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How can I make a framed box such that, when spacing is added in the correct places, the box height is exactly 15 cm? Explicitly, how do I define a \newcommand taking in three inputs {A}{B}{C} and displaying a framed box with the value of x computed from the sizes of A, B and C from below to make the box exactly 15cm:

A
\vspace{x}
B
\vspace{x}
C

As I'm trying to learn one thing at a time, a LaTeX answer is preferred, though feel free to post other solutions!

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1 Answer 1

up vote 4 down vote accepted

You could use \vfill for filling the space, stretching the content to the full height, such as

\documentclass{article}
\newcommand*{\mybox}[3]{%
  \fbox{
    \parbox[t][15cm]{\textwidth}{%
      #1
      \vfill
      #2
      \vfill
      #3
    }
  }
}
\begin{document}
\noindent
\mybox{A}{B}{C}
\end{document}

I used the optional height argument for \parbox and t for top alignment. Though top alignment is the default, id doesn't work without. The syntax of \parbox with all optional arguments is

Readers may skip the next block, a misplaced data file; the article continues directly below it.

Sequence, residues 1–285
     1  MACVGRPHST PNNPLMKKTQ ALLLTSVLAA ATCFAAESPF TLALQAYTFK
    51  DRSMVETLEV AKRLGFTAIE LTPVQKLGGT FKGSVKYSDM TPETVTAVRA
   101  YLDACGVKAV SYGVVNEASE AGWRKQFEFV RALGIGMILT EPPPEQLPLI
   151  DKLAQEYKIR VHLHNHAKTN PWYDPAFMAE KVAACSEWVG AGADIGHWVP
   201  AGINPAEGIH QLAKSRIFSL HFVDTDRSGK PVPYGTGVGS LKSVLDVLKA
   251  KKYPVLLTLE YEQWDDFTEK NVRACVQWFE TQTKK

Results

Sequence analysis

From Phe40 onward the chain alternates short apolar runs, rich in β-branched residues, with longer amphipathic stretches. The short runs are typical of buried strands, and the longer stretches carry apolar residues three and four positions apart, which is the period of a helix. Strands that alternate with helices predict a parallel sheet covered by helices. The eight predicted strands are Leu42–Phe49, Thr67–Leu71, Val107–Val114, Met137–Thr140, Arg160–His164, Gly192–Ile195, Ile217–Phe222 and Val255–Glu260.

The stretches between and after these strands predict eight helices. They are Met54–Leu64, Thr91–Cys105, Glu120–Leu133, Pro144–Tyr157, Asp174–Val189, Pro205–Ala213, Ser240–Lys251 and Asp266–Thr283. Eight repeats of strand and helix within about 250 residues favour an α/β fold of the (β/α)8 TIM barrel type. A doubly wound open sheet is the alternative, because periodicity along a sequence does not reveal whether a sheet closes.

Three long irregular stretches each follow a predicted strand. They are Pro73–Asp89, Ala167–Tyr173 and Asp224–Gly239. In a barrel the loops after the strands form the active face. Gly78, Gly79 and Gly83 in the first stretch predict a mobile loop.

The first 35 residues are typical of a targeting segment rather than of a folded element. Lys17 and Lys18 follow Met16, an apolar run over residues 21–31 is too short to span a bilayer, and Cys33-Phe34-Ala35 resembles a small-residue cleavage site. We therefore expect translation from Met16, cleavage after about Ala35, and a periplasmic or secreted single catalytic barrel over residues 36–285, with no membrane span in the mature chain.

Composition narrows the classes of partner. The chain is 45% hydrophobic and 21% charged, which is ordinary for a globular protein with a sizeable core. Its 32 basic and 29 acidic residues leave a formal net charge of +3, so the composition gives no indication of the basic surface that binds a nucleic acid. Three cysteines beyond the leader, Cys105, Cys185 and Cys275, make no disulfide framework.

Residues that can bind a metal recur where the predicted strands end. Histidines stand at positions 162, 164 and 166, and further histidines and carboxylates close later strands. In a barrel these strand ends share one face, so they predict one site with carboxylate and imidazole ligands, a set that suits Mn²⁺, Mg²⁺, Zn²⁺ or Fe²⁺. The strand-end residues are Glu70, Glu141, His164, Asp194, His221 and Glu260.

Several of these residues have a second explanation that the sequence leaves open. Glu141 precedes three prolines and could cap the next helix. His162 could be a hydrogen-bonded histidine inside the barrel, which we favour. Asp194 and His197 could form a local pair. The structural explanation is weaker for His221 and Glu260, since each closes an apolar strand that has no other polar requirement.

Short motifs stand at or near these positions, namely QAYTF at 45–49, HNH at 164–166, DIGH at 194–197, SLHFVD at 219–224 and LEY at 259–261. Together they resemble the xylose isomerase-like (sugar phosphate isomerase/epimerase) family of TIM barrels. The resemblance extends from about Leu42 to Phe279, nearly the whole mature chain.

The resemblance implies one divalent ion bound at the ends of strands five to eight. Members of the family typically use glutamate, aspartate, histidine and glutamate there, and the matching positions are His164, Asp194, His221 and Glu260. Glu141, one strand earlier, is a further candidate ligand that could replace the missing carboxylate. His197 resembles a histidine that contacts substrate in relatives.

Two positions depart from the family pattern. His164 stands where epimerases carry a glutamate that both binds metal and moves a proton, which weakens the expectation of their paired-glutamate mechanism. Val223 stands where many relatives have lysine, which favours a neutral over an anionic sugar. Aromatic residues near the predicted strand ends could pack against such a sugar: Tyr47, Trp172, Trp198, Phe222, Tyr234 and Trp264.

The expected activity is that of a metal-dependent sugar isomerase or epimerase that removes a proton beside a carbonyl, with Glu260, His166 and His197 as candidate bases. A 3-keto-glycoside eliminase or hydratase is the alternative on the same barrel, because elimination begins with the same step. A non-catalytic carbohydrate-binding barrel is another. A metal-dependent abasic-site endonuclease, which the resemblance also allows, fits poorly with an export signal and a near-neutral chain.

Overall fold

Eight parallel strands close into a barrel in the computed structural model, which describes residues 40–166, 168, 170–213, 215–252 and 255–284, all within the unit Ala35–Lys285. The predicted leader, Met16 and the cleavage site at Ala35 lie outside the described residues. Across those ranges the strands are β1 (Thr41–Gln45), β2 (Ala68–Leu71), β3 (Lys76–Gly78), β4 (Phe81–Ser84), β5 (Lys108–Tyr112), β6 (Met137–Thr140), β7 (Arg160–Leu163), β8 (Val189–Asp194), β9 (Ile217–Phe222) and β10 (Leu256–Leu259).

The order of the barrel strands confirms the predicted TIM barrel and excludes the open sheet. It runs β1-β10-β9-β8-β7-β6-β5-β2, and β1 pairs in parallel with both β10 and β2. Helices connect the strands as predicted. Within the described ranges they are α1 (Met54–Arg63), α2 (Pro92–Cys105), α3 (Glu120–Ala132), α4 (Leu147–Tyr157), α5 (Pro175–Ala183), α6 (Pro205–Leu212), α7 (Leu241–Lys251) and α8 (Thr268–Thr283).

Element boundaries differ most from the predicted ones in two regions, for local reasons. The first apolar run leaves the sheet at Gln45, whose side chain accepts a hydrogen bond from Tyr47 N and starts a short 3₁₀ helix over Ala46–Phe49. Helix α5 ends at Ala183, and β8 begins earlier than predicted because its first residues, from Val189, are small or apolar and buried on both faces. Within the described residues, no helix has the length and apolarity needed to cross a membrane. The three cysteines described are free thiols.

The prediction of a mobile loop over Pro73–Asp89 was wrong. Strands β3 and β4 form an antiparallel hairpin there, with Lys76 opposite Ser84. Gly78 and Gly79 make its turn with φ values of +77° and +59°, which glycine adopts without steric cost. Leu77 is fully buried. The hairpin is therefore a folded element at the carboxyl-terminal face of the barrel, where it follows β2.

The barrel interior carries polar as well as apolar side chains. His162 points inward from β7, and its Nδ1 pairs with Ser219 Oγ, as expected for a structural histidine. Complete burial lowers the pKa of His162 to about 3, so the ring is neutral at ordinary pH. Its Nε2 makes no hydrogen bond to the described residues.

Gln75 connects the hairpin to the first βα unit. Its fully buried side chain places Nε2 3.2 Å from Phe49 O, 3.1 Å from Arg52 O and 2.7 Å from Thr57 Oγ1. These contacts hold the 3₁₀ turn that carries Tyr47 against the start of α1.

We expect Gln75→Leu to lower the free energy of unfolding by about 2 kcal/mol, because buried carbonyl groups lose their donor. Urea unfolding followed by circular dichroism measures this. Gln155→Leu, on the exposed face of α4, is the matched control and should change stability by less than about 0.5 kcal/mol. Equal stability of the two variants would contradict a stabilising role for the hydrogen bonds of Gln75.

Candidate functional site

\parbox[position][height][inner-pos]{width}{text}

The parbox, which means the inner box, has the desired size. If you would like to have an "outer" height of 15 cm, you could calculate the inner height using the calc package.

\vfill is equivalent to \vspace{\fill} and inserts space that can stretch as much as possible, so filling the parbox. Inserted twice they share the available space equally.

framed box

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So if \vfill's will grow to eat half the space, will n \vfill's always grow to each eat 1/n the space? If so, that is really useful to know! –  Hooked Nov 11 '11 at 14:42
    
After the first \vfill, shouldn't that be a #2, not a #3? –  Hooked Nov 11 '11 at 14:50
    
Sure, typo, I correct. –  Stefan Kottwitz Nov 11 '11 at 14:55
    
You can use \parbox[c][15cm][t]{...} if you want the standard behavior of \parbox as regards alignment and top placement inside. –  egreg Nov 11 '11 at 15:19
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